Time is running out for Congress to raise the federal debt ceiling and prevent the United States government from defaulting on its financial obligations – an event economists agree would have catastrophic consequences for the economy.
The looming deadline has pushed debates about how to handle the debt and national deficit to center stage; it was even a highlight of President Biden’s State of the Union address.
Some VERIFY viewers have expressed confusion about the difference between the debt and the deficit, given they’re similar words about similar concepts.
Are the debt and the deficit the same thing?
No, the debt and the deficit are not the same thing.
WHAT WE FOUND
The deficit is a matter of the federal budget, authorized yearly by Congress. If the government spends more than it takes in, that difference is the deficit.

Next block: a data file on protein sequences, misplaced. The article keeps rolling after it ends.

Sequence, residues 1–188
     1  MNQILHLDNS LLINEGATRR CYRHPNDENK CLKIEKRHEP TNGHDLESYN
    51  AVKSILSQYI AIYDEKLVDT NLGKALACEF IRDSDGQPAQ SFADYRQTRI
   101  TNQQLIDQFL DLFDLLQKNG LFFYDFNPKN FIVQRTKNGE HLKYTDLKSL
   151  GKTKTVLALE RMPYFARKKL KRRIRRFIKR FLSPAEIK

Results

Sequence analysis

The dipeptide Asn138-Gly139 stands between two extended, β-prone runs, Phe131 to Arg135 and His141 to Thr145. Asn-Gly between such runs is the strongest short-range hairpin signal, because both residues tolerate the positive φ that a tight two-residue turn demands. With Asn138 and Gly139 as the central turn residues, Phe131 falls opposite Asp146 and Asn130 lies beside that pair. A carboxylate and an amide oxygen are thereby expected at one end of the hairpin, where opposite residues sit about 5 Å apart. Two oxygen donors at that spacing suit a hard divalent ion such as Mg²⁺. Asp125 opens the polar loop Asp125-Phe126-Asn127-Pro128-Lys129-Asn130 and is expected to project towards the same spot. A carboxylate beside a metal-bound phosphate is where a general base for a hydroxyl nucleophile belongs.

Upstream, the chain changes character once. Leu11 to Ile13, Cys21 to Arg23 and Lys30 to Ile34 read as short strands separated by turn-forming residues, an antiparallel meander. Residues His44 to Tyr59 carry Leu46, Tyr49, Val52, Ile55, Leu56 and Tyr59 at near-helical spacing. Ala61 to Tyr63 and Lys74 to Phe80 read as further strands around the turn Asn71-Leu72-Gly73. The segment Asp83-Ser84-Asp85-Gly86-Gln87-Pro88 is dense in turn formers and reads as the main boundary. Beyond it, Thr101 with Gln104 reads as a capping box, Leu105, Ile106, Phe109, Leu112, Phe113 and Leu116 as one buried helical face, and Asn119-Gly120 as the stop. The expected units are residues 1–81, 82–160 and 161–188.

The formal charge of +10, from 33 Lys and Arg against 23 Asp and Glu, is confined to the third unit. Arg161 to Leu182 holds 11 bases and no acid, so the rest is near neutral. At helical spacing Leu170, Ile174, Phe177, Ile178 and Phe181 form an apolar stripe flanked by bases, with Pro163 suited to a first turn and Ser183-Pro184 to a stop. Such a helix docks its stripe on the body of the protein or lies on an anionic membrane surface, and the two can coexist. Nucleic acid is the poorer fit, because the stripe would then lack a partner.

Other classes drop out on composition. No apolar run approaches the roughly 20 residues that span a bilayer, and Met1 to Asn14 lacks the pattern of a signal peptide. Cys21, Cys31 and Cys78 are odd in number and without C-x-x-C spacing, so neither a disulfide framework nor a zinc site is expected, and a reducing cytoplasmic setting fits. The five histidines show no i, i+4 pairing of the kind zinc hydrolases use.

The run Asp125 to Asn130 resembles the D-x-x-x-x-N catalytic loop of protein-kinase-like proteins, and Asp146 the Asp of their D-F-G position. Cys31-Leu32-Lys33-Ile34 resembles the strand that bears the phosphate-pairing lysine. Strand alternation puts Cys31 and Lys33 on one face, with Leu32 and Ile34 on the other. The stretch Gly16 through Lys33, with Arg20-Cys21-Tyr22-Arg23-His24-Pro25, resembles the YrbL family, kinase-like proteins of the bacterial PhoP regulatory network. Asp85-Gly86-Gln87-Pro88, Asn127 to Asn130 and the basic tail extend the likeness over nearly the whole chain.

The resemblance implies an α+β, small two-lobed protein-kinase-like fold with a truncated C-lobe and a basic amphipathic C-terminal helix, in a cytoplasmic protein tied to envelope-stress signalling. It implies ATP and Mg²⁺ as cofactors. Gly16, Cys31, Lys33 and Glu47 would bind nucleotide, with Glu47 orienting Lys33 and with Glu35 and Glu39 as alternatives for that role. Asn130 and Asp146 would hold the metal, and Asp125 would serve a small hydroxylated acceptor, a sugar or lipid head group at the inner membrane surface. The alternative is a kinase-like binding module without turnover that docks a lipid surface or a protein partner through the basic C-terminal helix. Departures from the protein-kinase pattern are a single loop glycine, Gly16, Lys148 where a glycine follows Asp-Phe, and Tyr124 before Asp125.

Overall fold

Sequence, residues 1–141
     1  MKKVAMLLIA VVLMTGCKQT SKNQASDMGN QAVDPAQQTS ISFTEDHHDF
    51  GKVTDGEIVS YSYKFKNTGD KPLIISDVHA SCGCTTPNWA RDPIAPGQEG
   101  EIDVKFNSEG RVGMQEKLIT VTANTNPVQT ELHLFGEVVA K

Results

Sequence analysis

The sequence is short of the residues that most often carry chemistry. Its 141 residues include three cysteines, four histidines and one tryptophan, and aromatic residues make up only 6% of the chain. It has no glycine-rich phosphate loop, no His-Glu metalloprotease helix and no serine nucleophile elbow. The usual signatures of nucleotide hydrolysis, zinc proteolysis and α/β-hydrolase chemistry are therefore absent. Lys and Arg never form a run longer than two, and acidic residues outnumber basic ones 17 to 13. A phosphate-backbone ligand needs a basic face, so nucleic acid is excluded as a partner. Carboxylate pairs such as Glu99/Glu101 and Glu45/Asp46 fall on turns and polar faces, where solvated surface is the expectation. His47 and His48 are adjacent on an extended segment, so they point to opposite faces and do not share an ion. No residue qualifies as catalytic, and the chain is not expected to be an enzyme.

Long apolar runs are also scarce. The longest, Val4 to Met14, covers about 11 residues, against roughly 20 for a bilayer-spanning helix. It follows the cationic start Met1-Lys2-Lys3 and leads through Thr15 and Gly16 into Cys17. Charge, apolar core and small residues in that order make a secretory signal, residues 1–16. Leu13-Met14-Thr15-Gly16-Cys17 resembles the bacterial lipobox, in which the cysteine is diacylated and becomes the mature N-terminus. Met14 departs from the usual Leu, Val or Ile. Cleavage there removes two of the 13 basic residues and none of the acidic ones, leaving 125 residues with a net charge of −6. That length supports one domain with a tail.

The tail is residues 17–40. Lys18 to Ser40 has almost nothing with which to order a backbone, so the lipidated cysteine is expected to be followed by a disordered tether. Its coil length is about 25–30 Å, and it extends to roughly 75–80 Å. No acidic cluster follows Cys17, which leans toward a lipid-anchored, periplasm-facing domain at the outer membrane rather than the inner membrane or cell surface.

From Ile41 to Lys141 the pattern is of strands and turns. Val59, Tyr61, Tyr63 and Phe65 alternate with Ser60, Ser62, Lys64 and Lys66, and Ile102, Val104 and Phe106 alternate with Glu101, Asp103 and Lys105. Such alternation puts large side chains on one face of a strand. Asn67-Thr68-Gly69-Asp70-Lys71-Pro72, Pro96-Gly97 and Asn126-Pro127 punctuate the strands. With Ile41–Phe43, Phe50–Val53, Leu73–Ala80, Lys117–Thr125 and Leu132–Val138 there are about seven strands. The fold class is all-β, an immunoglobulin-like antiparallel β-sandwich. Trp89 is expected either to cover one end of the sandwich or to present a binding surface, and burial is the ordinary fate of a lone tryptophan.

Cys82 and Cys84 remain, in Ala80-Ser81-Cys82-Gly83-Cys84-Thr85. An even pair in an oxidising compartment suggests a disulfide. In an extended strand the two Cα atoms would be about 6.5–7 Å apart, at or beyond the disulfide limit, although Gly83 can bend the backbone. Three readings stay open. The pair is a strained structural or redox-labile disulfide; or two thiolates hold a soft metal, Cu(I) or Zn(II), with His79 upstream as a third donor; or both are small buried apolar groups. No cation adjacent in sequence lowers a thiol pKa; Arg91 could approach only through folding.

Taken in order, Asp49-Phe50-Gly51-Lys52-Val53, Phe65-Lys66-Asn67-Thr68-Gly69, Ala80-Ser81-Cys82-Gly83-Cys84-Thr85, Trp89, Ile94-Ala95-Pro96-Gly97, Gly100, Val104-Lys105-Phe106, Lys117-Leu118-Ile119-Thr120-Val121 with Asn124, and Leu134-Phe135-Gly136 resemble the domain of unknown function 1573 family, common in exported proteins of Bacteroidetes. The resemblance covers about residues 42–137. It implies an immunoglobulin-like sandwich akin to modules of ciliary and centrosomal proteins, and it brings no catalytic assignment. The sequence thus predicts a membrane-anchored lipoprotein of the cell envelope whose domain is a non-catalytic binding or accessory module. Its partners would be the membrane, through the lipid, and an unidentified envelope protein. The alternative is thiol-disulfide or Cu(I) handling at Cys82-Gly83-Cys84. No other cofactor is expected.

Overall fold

According to the U.S. Treasury Department, the deficit for the last fiscal year, 2022, was $1.38 trillion. The 2023 fiscal year began in October, and so far the deficit this year is $460 billion.
When the government runs a deficit, it still needs to pay its bills. To do that, it borrows money. That creates debt.
Every time the government borrows money, that adds to the debt the U.S. already has, meaning the debt will continue to grow over time, as long as the government continues to run a deficit with each annual budget.
When the government borrows money, it has to pay it back with interest. The longer that takes, the larger the interest payments get, further growing the national debt.
The deficit is calculated for a specific period of time – typically a fiscal year. The debt, however, is cumulative. In other words, if Congress passed a balanced budget, the deficit would be erased, but the debt would remain.
According to the U.S. Treasury Department, the national debt currently sits at $31.5 trillion.